• Afghan forces plan military operation against Taliban in Sangin The militant group took over the entire district except for the police chief's compound and another compound, where a battalion of the Afghan National Army is based, according to Shah Mahmood Ashna, a spokesman for the police chief in Helmand province. The police chief's compound remained under attack, and food and ammunition were in short supply, Ashna said. Some Afghan National Army reinforcements arrived via helicopter on Wednesday. Wounded forces were ferried out. Despite pleas for help, the central government in Kabul has been slow to provide support for the situation in Sangin, and it wasn't clear when any military operation would start. Afghan officials have not responded to repeated calls from CNN to explain the situation. Afghan CEO Abdullah Abdullah said Monday that the government was working to relieve the forces and repel the Taliban. Meanwhile Afghan President Ashraf Ghani was in transit on a previously scheduled trip to Azerbaijan. British troops deployed to Helmand A small contingent of British troops was sent to Helmand last weekend to provide support to embattled Afghan forces in the province. The troops, the British Ministry of Defence said in a statement, were "part of the UK's ongoing contribution to NATO's Resolute Support Mission [1] ," the training, advisory, assistance and counterterror mission in Afghanistan. They were deployed to Camp Shorabak, on the site of Camp Bastion, the former British Army headquarters in Afghanistan, the ministry said. "These personnel are part of a larger NATO team, which is providing advice to the Afghan National Army. They are not deployed in a combat role and will not deploy outside the camp," the statement said. December marks one year since NATO handed over security operations to the Afghans. Before that, British and American forces struggled for years to hold on to Sangin. Stuart Gordon, a Helmand expert at the Chatham House think tank, told Britain's Press Association news agency that Sangin held a special significance to the British as more than 100 British troops had been killed there. "Sangin became fairly totemic for the British because of the number of soldiers lost," he said. Opium center, strategic route A fertile region that is a key location in Afghanistan's poppy trade, Sangin lies in the south of the country in an area that has traditionally been a Taliban heartland. "It was significant because of the routes it controlled and it was a very significant part of the resourcing of the political economy of Helmand, because it is a major center of drugs processing and drugs shipping," said Gordon. It was strategically important because it linked Lashkar Gah, the Helmand capital, to districts in the north, he said. If the Taliban took control of Sangin, they would control supply routes to the districts and gain valuable influence over neighboring provinces, he said. "If Sangin falls, much of the north of Helmand is very much under Taliban control," he said. "This is probably the worst of the scenarios that the British had in 2013 and 2014." Facebook plea Mohammad Jan Rasolyaar, deputy governor of Helmand province, took an unusual step last weekend by posting an open letter to Ghani on Facebook asking for help. He warned that all of Helmand could fall to the Taliban if the President didn't take action. Rasolyaar mentioned Sangin district in his message, saying its main bazaar and the government office were under heavy attack by the Taliban. During the recent intense fighting in Sangin and Greshk districts, 90 Afghan security forces had been killed, he said. Omar Hamid, head of Asia-Pacific country risk at IHS, told CNN that in Sangin, and before that in Kunduz [2] , the Afghan government forces struggled to put up a fight against the Taliban without foreign backup. "The problem is where the Afghan forces have to fend for themselves," he said. "They're fine as long as they're being assisted and they're being provided air cover and things like that by Western forces. But it's when they're left to their own devices that they seem to struggle." CNN's Brooke Bowman contributed to this report. References ^ NATO's Resolute Support Mission ( ^ in Kunduz (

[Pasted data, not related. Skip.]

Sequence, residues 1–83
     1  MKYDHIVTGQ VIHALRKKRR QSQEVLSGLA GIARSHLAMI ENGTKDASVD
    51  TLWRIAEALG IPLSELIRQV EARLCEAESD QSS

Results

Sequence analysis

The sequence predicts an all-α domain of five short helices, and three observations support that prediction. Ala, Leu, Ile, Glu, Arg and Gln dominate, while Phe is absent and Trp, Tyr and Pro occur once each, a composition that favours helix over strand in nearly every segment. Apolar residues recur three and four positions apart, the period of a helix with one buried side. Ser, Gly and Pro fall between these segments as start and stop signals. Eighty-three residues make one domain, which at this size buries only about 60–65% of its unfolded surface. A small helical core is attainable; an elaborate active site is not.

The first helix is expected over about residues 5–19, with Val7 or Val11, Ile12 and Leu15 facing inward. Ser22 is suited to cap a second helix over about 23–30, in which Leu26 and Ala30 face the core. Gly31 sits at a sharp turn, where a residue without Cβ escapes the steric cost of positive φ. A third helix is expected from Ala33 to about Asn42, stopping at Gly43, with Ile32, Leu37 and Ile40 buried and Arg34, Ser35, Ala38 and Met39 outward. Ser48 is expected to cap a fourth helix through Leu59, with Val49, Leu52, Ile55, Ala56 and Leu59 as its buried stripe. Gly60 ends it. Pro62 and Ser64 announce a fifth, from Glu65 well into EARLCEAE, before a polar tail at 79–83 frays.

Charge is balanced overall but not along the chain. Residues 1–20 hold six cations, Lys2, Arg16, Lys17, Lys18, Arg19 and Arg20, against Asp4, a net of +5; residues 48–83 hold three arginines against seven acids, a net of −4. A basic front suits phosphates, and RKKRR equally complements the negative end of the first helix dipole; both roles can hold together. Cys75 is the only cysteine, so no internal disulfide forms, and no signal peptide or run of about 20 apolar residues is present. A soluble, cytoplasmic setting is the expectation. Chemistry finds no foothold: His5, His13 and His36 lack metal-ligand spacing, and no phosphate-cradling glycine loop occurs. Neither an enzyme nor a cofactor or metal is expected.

• Afghan interpreter wounded on duty with British Army is now sleeping rough Fazel Dijilane, 23, spent eight months translating for soldiers on patrol He says he was abandoned when our troops pulled out and forced to flee Instead he is now destitute, living in a tent in Calais among other migrants | View comments Desperate: Fazel Dijilane, 23, in France An interpreter injured by a bomb while working for the UK Army in Afghanistan is now sleeping rough in the Calais Jungle. Fazel Dijilane, 23, spent eight months translating for soldiers on patrol, risking his life every day. But he says he was abandoned when our troops pulled out and was forced to flee after the Taliban accused him of being a spy. He spent more than two years travelling across Europe to try to reach the UK, where he hoped to claim asylum. But instead he is now destitute, living in a tent in Calais alongside hundreds of other migrants. His injuries mean he is in constant pain, which is worsened by cold weather. Mr Dijilane said: I am at the front door of the UK now. But it seems they don t care about the interpreters. He said he wanted to help British troops because they had left everything to fight for peace for us . But his cousin, a member of the Taliban, was killed and his family suspected Mr Dijilane of informing because of his work. He said he was waiting for the UK Government s Labour Support Unit (LSU) in Afghanistan to consider his application to be relocated to the UK when he was threatened by the Taliban and had to flee. He said: I lost everything: my mother, my sisters, my health, my country. I know many interpreters the Taliban have already killed. So I had to leave. Now, I am just asking for help. Mr Dijilane, from Logar Province, started working for the Army in January 2012 as an interpreter for the 3rd battalion Yorkshire Regiment and the Royal Marines. His father died of cancer 18 years ago, so he was the main breadwinner for his mother and six sisters. During one patrol, a remote-controlled IED went off and he was thrown backwards. He was taken to hospital and diagnosed with suspected nerve damage down one side of his body. He said he was told he did not have to keep working after he was injured, but he chose to carry on to help fight for peace, and also to support his family. In 2013, he was told his base was closing as British troops prepared to withdraw from Afghanistan. He said they told him to go to Kabul to apply to the LSU, which offers support and sometimes relocation to the UK for staff who are being intimidated. But he was threatened before he got an answer. Mr Dijilane said: They told me that after five days they would interview me but after five days I was still waiting and they said the programme has not started yet. Then they said maybe 2014, maybe 2015, but I could not wait that long, it was my life at risk. I told them I could not go home, because everybody knew I worked for the British. When I was at home, I was frightened, I could not sleep. It is 90 per cent Taliban, my uncles, my cousins all Taliban. I received a lot of calls. They told me to go somewhere and lie low or in a few days your life is finished. That is why I decided I should leave. He fled in the middle of the night in April 2013 and travelled through ten countries, arriving in Calais five months ago. He has tried several times to jump on a UK-bound lorry, but finds it too difficult because of his injuries. Mr Dijilane said he wants to come to the UK to finish his business studies. His appraisal papers from the Army say he was one of the most effective and experienced translators at the base and that they fully trust him . An Afghan interpreter who risked his life to protect British soldiers is to be kicked out of the UK and sent back to the Taliban. The 31-year-old, who fled Afghanistan after receiving death threats from the terror group, faces deportation after a judge ruled it was safe for him to go back and rejected his asylum claim. This was despite serving and former Army officers giving evidence to a tribunal saying he saved many British lives and that he could be killed if he goes back. The father of three, known as Ahmed, whose real name cannot be disclosed for his safety, said last night: It is like someone has executed me. The Taliban call me a traitor and a spy. If I go back, I know that they will find me and kill me. His case contrasts with that of a Sudanese migrant who walked 31 miles through the Channel Tunnel to Britain and was granted asylum this month. Abdul Rahman Haroun can now claim benefits and live in state-funded accommodation. Sudanese migrant Abdul Rahman Haroun, walked 31 miles through the Channel Tunnel to Britain and was granted asylum Senior military figures branded the ruling against Ahmed as ridiculous and Tory MP Julian Lewis, chairman of the Commons defence committee, said it was utterly indefensible . The Daily Mail s Betrayal of the Brave campaign, backed by military chiefs and MPs, has called for translators to be given sanctuary. The Government only grants asylum to those with at least a year s service after December 2011 unless they can show they were threatened, in which case they can apply while still in Afghanistan under a separate intimidation scheme . Ahmed, who is sleeping on a sofa in the North, joined the Army in 2007 and served in Helmand Province for over two years. He monitored Taliban radio and warned of imminent attacks and the location of roadside bombs. He also translated when they met locals. The Taliban branded him a slave and a spy for the British and he received death threats over the telephone. In 2013 he paid people-smugglers in Kabul 3,215 to help him escape. He travelled via Turkey, Greece and Italy to Calais, and reached the UK in October that year in the back of a lorry. Two days later he put in an asylum claim, but it was rejected in October 2014. His lawyers appealed, but it was rejected again because the judge said it was safe to return. Ahmed s brother, also an ex-interpreter, was granted sanctuary on the grounds that the Taliban might kill him if he returned. Ahmed said: [The Home Office] could come for me today, tomorrow, every day I am scared. I helped protect English people but now no one is helping me. Colonel Simon Diggins, ex-military attache to the British Embassy in Kabul, said last night: I m appealing for a generosity of spirit. This man risked his life to help us. In evidence to the tribunal, he said the idea Ahmed would be safe in Kabul was as ridiculous as it is disingenuous . Lieutenant Colonel Guy Stone, of the Welsh Guards, said Ahmed was loyal and brave , adding: He kept us alive. Major David Landon, of the Royal Scots Dragoon Guards, said he twice saw Afghan soldiers threatening Ahmed with rifles and that he would face a clear danger if he goes home. Lord West, former head of the Navy, added: It seems absolutely extraordinary when you think of the people we are allowing to stay in this country and contrast that with someone who put his life on the line to assist our soldiers. Tribunal judge Steven Alis said he had sympathy for Ahmed but added: If he has a fear of returning to ... his own village, I am satisfied it would not be unreasonable for him to relocate to a city such as Kabul where the Taliban has considerably less influence. Ahmed s lawyer submitted new evidence, but he received a letter in November saying he was expected to make arrangements to leave without delay . His lawyer is now seeking a judicial review. The Home Office said: All [asylum] claims are carefully considered ... but we expect those who are found not to need our protection to leave the UK. Our decision in this case has been upheld by an independent immigration judge. An MoD spokesman said Ahmed did not apply for asylum under the intimidation scheme. SHARE PICTURE